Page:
Likely, even those brands adhere to a schedule based on the most successful email-opening times or other success benchmarks. But they may take a strictly quantitative approach to sending emails, an approach that likely needs a bit more of a human, qualitative touch.
So, while it’s wise to send emails when readers open them more often, it’s even more prudent to set a cadence that makes sense on an emotional level. Whatever scheduling tactics you decide upon using modeling and forecasting and previous performance, ensure that you adjust your approach so that people do not feel overwhelmed by your constant inbox notifications.
Bring it all back around
Remember, you began this journey with a set of business goals in mind. It’ll be easy to get lost in the details along the way. Don’t get me wrong, the details are important. Measurement and cadence and tone and style are all important details. But you need to keep everything marching along to the beat of your overarching goals. So, no matter what your approach to email marketing is, keep in mind that all the details are just individual sounds in a symphony. Remember that as you continue through our guide to effective email marketing strategy and your next campaign should be a smash hit!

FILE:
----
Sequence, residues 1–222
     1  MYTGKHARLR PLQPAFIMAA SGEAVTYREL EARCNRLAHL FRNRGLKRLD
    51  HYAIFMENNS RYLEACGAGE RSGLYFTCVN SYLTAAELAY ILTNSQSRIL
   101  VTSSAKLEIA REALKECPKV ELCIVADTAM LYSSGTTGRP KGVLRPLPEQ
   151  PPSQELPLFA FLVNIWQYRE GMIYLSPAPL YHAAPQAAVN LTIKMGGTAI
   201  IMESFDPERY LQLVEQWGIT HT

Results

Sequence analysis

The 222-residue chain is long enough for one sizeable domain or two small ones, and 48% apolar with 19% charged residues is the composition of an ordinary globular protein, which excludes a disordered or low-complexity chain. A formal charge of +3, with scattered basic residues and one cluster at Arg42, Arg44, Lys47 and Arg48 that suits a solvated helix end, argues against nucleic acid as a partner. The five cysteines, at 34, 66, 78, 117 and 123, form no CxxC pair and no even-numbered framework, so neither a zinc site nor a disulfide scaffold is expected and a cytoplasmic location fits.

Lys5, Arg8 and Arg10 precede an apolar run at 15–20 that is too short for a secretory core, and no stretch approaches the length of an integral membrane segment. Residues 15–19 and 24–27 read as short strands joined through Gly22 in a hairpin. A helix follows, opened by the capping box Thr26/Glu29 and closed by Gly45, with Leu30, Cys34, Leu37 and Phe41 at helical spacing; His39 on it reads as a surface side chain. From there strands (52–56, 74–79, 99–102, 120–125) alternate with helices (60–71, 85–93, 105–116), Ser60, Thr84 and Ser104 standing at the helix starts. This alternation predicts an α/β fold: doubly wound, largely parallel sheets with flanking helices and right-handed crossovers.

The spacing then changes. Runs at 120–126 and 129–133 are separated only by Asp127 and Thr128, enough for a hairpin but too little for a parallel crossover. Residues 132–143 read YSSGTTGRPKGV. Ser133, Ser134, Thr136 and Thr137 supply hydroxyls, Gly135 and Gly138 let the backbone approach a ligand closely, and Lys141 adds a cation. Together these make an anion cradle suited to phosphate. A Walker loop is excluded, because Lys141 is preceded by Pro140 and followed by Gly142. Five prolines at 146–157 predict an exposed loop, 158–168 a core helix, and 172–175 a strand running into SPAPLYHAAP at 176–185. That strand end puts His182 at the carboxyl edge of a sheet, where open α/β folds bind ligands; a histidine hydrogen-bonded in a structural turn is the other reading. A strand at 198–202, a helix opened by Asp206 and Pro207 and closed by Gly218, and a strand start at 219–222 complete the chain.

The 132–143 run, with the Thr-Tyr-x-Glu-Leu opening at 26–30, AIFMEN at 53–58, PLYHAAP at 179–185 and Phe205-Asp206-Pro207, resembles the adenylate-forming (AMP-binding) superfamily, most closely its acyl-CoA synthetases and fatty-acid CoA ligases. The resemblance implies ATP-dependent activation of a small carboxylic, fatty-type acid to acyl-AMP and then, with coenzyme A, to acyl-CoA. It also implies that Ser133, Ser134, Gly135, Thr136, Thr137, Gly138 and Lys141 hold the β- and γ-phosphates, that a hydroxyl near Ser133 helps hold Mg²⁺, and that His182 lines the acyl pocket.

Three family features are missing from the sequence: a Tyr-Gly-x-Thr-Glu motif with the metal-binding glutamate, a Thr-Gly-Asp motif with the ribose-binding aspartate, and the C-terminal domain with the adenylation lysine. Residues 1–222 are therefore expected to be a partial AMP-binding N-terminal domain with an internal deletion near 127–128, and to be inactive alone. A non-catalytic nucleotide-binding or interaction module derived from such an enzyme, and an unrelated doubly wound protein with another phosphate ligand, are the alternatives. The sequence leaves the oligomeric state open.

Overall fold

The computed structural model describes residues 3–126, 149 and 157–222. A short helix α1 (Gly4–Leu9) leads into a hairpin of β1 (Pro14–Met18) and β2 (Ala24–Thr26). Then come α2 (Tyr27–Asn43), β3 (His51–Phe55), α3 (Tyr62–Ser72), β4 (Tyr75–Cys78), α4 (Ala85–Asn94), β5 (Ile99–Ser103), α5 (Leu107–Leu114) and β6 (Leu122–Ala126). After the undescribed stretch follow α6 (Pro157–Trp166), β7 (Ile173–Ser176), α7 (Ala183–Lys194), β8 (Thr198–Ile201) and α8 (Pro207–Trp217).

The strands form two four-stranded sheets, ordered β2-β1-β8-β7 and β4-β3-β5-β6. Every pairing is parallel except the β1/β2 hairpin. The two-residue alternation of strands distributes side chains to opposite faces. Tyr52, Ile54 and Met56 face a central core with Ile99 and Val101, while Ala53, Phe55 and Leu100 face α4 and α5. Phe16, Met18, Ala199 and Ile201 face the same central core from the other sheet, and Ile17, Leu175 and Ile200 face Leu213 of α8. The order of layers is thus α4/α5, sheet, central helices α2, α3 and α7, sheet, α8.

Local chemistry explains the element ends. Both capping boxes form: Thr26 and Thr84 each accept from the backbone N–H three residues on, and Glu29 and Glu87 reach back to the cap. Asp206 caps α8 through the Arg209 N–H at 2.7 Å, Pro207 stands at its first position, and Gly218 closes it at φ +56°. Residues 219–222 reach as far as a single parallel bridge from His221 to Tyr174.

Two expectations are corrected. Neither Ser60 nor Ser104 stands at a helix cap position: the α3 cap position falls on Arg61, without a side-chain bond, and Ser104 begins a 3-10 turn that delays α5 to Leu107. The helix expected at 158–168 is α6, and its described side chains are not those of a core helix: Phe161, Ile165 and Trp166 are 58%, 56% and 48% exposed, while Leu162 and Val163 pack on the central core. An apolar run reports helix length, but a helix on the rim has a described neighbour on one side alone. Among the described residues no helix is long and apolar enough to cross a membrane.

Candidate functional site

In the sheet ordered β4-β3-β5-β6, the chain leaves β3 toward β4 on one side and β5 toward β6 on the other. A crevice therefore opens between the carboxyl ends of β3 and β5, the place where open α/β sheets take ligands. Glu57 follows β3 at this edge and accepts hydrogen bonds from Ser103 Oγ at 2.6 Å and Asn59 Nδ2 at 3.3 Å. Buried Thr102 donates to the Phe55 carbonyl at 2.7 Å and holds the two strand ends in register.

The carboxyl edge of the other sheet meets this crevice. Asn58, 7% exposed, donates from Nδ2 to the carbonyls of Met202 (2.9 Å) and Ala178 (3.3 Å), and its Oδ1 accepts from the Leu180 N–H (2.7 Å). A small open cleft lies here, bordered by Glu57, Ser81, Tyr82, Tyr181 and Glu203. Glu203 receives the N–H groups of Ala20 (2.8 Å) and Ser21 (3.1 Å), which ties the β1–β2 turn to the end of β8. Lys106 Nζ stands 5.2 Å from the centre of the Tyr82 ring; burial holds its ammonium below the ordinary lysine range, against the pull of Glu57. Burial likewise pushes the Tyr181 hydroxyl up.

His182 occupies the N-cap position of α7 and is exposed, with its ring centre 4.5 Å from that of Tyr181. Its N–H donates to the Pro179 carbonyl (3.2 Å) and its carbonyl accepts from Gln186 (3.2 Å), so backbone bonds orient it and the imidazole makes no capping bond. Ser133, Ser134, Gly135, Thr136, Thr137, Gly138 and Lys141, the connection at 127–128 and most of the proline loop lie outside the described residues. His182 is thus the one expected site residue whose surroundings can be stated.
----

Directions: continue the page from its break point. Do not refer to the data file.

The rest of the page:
Don’t forget to check out the rest of our Definitive Guide to Email Marketing series:
- Email Marketing Best Practices
- The 3 Cs of Email Copywriting
- Email Marketing Trends to Watch for in 2023
Whether it’s putting together an email newsletter or building a b2b email marketing campaign – we’ve got you covered! Reach out to one of our many marketers today.